Effector

trait StateReader[F[_], S] {
  def read: F[Option[S]]
}
trait Passivator[F[_]] {
  def enablePassivation(after: FiniteDuration = Duration.Zero): F[Unit]
  def disablePassivation: F[Unit]
}
trait Self[F[_], Alg[_[_]]] {
  def self: F[Alg[F]]
}
trait Effector[F[_], S] extends StateReader[F, S] with Passivator[F] with Self[F]

Effector is a typeclass used to describe side effects occurring after event persistence and entity recovery.

Side-effects are typically asynchronous operations such as kafka writes, outgoing REST requests, and entity passivation (flushing out of memory). Effector is used in a Effector => F[Unit] function provided upon entity deployment (e.g. BookingEffector). In the provided Akka runtime, the resulting F[Unit] is executed in run & forget mode so that command reply is not delayed by any lengthy side-effect (Self can be used to notify success or failure of asynchronous operations back to the entity).

Warning

In the provided Akka runtime, read-only commands (commands that do not generate events) do not trigger side-effects, which corresponds to sound practice.

Note

Defining an effector is entirely optional with the Akka runtime, pass-in (_, _) => EffectorT.unit in deployEntity to disable effector.

State-derived side-effects

StateReader allows reading the updated entity state after event persistence or recovery.

Passivation

Passivator allow fine grain control over passivation. In certain domains, entities can evolve into “dormant” states (e.g. after a BookingCancelled event) for which it is beneficial to trigger passivation, either immediately or after a certain delay. This enables proactive optimization of cluster resources.

Self & process definition

Self exposes the algebra of the entity within the effector context. This allows definition of asynchronous processes that involve interaction with the very same entity, typically to define entities acting as process managers (see below for more detail).

At least once delivery with zero latency

For most processes, at least once delivery guarantees are required. This can be achieved with a projection, however at the cost of some incurred latency. Actual latency depends on the database and event journal implementation used, as well as the projection throughput. One must also make sure to distribute the projection across the cluster to avoid creating a central choke point. Even so, if a projector process gets stalled for some reason, this can create a cascade effect with events pending processing building up.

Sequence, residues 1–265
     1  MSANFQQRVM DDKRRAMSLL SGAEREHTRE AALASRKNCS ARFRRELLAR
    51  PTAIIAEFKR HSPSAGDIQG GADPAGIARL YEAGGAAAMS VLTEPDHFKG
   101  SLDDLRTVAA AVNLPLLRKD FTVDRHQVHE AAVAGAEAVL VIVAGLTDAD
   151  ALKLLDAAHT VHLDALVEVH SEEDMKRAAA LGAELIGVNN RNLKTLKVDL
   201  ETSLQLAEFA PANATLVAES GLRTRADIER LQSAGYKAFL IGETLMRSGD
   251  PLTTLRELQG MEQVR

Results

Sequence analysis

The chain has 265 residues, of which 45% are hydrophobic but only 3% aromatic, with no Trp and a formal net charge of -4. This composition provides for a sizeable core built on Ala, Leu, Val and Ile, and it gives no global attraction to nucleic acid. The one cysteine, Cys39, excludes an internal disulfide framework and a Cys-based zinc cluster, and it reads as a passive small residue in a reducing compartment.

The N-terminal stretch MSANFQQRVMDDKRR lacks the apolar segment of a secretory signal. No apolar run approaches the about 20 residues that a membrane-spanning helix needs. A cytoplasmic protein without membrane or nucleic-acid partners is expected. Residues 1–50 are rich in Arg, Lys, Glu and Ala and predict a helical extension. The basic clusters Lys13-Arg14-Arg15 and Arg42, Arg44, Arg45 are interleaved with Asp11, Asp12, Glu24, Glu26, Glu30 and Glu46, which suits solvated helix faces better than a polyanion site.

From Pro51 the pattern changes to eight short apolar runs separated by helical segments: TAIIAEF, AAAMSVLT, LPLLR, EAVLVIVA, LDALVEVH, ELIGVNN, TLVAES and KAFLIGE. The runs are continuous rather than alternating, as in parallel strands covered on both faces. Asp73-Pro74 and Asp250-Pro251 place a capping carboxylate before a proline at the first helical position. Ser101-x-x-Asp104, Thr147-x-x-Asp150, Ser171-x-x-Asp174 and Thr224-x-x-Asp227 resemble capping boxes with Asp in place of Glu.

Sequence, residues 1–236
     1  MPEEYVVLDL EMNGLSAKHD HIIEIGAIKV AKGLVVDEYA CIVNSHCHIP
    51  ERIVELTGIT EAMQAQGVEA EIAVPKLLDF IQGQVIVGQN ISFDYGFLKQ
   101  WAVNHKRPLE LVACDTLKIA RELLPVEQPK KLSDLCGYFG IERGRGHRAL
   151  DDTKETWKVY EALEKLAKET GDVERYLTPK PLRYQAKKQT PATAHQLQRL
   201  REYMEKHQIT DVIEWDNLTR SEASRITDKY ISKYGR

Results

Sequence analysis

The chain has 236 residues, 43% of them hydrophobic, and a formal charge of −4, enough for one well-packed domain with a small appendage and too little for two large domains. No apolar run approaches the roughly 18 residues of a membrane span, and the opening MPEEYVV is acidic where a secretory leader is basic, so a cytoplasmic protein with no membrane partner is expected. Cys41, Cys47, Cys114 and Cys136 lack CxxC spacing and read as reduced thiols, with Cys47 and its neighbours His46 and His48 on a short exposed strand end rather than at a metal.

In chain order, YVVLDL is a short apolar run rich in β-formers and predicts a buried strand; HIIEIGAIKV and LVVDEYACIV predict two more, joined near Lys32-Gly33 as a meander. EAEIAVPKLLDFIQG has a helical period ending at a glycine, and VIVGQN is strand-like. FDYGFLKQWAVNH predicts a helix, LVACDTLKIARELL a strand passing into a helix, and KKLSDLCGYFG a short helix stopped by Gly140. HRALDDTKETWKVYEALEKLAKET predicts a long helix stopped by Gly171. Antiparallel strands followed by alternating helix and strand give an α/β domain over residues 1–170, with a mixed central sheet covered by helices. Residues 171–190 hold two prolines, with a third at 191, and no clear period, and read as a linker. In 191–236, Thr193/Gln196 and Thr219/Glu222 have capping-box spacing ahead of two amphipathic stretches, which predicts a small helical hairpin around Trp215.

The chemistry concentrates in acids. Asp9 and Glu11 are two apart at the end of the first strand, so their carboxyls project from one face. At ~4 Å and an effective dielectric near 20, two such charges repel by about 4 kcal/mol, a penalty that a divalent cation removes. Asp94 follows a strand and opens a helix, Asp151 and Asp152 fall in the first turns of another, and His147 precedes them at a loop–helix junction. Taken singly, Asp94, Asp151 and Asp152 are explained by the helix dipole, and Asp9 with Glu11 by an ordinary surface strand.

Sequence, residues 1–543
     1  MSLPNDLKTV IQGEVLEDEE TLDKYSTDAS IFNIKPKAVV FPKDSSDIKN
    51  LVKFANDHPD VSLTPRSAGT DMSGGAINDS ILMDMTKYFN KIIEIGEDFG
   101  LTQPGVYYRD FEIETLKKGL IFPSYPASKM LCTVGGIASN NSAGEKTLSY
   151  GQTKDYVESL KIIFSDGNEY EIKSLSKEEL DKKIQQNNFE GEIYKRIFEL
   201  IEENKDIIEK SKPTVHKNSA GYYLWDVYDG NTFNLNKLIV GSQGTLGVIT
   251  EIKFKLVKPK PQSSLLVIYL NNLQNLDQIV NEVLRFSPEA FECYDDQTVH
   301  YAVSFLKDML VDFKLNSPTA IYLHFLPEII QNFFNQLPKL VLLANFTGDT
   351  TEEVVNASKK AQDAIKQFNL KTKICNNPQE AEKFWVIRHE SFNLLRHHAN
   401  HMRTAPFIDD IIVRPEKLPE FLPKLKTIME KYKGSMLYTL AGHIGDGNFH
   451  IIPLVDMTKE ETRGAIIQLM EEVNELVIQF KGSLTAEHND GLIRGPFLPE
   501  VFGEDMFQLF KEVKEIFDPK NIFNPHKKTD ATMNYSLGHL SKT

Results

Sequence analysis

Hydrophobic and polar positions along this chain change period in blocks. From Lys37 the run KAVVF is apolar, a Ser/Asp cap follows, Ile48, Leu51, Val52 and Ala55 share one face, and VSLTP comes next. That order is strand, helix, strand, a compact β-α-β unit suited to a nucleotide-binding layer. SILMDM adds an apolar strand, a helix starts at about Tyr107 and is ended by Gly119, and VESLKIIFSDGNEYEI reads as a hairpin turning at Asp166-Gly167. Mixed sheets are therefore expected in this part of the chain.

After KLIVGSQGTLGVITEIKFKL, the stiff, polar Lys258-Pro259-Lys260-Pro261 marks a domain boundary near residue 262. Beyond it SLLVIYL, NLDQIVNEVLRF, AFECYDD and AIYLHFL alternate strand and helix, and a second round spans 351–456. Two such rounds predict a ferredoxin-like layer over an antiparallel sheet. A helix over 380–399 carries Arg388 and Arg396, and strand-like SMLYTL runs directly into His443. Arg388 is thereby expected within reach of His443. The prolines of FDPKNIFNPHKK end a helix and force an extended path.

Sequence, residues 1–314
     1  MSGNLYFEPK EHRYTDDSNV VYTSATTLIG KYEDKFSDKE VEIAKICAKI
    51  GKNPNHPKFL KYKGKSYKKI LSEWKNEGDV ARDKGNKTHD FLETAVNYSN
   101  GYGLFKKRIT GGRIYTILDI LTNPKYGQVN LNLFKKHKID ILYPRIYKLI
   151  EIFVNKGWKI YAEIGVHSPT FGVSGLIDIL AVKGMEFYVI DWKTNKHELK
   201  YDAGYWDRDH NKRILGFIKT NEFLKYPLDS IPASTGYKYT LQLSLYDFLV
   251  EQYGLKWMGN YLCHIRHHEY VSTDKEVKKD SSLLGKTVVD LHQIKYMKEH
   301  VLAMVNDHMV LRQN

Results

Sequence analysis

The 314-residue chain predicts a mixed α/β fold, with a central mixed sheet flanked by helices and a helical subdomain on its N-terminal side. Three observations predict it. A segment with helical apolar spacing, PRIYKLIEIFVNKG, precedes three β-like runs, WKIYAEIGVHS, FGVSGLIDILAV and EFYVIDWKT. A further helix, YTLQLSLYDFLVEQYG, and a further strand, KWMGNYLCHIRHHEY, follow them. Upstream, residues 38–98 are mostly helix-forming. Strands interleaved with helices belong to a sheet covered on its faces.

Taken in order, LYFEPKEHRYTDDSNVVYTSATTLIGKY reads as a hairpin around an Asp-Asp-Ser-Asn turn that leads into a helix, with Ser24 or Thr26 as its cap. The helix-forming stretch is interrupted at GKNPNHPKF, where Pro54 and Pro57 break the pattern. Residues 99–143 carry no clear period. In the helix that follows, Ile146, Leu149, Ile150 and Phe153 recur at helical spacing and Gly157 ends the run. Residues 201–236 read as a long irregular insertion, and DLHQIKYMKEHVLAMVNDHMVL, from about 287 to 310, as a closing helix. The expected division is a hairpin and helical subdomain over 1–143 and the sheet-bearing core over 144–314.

An effective alternative to using a projection is to track process completion in the entity state itself. Launching asynchronous operations directly as a side-effect of an event has zero latency overhead and also the added advantage that the process launches within the node of the entity which triggered it, thus benefiting from inherent distribution.

By enabling remember-entities, we can achieve guaranteed at-least-once completion of asynchronous processes thanks to effector running right after recovery (thus withstanding node crash or shard rebalancing).

endless makes it easy to implement this pattern with Self. Here’s the recipe, as illustrated in the example application example:

  1. BookingPlaced event gets persisted. At this point, entity state represents pending acceptation of the booking Booking(..., status = Pending)
  2. Effector function inspects the state, and in case of Pending status, asks a third-party service for availability and notifies the entity of the result:
val availabilityProcess: Booking => F[Unit] = booking =>
      booking.status match {
        case Status.Pending =>
          for {
            isAvailable <- availabilityAlg.isCapacityAvailable(booking.time, booking.passengerCount)
            entity <- self
            _ <- entity.notifyCapacity(isAvailable)
          } yield ()
        case _ => ().pure
      }

3.BookingAccepted or BookingRejected events are persisted and entity state is updated accordingly.